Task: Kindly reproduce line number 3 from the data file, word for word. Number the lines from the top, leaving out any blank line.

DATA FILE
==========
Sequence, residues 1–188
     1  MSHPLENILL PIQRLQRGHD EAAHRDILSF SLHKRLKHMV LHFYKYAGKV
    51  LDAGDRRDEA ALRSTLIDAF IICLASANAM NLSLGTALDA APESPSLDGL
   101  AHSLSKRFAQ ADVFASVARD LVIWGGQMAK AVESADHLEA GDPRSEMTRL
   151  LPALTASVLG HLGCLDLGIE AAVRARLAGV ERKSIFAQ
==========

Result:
    51  LDAGDRRDEA ALRSTLIDAF IICLASANAM NLSLGTALDA APESPSLDGL